What would you do if you had $500,000 and one month to spend it?
Some people might go on a shopping spree, but a few BYU students are learning how to make more of their money.BYU's Finance Society, with Shearson, Lehman, Hutton Inc. of Provo, is sponsoring the first monthlong stock market investment challenge, in which students hypothetically invest on the New York Stock Exchange.
Chris Yorges, the vice president of the Finance Society who is in charge of the challenge, said more than 150 students signed up to learn the best way to invest a half-million dollars between Oct. 1 and Oct. 30.
"Whoever has the most money at the end wins," Yorges said. It's that simple.
The program is patterned after an investment challenge sponsored by AT&T that begins in November and lasts for four months.
"The most knowledgeable person might not win," Yorges said. A lot depends on luck and which companies the student invests money in.
Yorges said that of 15,000 participants in the AT&T challenge last year the girl who won was in about 4,000th place at the halfway mark.
David Johnston, manager at Shearson, Lehman, Hutton Inc., said he hopes this will become an annual event.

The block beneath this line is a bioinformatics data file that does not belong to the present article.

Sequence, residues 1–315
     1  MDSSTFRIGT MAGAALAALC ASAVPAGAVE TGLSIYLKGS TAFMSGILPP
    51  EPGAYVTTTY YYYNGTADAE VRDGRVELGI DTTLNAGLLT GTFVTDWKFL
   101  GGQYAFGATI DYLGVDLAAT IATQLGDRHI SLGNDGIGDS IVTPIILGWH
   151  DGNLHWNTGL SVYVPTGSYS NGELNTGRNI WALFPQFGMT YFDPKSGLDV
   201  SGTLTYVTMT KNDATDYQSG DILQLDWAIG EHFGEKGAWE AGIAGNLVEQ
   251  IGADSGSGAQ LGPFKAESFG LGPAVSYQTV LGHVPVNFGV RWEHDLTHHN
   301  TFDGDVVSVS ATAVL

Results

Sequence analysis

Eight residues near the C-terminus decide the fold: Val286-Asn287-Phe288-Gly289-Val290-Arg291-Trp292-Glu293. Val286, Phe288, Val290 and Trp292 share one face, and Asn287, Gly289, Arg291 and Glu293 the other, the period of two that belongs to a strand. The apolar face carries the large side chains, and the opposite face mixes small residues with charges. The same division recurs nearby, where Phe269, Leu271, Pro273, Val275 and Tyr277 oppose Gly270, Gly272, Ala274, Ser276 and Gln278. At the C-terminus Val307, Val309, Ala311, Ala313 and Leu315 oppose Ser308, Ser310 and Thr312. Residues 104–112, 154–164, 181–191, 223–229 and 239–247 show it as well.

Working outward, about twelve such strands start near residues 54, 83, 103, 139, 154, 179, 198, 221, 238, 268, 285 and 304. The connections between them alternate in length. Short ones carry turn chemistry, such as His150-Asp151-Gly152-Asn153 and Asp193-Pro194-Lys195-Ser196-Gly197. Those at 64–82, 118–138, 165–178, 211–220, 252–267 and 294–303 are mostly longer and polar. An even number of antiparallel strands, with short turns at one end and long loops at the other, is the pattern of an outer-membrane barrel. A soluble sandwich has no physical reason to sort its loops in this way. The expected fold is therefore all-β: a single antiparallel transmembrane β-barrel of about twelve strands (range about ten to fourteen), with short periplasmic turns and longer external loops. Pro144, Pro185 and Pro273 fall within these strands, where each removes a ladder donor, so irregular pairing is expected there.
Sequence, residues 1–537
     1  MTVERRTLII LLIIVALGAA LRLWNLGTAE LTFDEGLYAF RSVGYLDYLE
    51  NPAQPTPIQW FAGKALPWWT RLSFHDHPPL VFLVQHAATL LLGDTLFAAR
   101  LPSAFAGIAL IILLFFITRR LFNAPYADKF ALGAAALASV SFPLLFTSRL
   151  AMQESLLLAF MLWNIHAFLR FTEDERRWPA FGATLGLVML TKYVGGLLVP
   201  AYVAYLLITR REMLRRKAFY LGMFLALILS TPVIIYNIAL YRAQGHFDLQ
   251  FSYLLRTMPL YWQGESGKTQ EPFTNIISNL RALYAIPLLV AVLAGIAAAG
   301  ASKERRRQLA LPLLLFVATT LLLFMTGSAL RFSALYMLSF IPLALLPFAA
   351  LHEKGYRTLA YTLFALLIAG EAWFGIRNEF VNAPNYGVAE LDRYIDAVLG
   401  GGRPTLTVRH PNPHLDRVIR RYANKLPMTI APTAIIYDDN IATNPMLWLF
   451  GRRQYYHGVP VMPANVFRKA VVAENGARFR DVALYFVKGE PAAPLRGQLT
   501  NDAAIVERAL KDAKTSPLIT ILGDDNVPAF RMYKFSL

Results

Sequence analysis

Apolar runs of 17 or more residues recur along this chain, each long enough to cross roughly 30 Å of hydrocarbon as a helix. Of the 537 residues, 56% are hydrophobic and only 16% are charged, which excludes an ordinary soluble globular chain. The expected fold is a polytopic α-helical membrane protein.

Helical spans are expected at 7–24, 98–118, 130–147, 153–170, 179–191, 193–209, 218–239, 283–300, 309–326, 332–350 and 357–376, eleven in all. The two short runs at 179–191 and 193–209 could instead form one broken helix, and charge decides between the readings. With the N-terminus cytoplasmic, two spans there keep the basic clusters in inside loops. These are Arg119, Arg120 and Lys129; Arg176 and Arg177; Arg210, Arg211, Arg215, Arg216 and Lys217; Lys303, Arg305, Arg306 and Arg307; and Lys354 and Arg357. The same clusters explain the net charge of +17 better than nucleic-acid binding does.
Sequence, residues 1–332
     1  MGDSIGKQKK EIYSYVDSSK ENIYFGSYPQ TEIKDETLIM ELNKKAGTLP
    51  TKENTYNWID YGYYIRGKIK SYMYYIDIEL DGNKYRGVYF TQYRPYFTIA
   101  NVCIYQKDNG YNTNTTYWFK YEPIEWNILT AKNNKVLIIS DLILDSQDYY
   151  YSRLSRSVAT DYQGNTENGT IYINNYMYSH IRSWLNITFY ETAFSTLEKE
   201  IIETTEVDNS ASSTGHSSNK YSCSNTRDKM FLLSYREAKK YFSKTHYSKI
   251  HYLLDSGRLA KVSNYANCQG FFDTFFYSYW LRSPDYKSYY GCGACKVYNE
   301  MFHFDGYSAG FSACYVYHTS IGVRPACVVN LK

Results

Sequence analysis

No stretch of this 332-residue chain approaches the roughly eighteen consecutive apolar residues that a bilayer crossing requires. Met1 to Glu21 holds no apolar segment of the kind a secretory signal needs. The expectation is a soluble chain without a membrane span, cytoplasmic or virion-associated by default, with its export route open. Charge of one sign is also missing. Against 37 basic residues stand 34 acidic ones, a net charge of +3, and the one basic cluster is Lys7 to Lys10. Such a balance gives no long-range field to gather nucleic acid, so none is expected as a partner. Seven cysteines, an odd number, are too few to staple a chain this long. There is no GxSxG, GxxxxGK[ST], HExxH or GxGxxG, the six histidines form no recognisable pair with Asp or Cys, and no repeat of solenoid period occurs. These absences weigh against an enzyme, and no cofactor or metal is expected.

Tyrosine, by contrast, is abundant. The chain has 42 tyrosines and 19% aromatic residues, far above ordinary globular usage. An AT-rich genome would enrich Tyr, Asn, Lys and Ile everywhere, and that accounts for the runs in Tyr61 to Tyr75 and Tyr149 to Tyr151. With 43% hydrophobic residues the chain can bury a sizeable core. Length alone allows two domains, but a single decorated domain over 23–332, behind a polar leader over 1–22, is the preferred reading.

"I graduated from BYU, and when the Finance Society approached us about being involved in this, we thought it would be a good way to help students learn about investing," Johnston said, "as well as get a little publicity and give something back to BYU."
Yorges said Johnston has been as big help.
The firm has provided some financing as well as allowing students to use some of its facilities to choose which stocks to invest in, Yorges said.
Johnston also began the investment challenge with a lecture on good investing practices.
It is a wonderful experience to work with young, bright students, Johnston said. "We can help them understand which stocks would be valuable and why."
Yorges said the BYU Finance Society is open to anyone interested in business-related fields, and not everyone involved is a business major.
Yorges is majoring in American studies because he said he believes that most business graduate schools are looking for people with strong liberal-arts backgrounds.
"We have other programs that help us learn more about the business world," Yorges said. The society hosts a series of lectures by prominent businessmen and also the Intern for a Day program in which students can spend a work day with a local businessperson.
A lot of students aren't aware of the Finance Society, Yorges said. Even the name seems to scare them away.
"But we are trying to get rid of that reputation. We have a lot of fun," he said.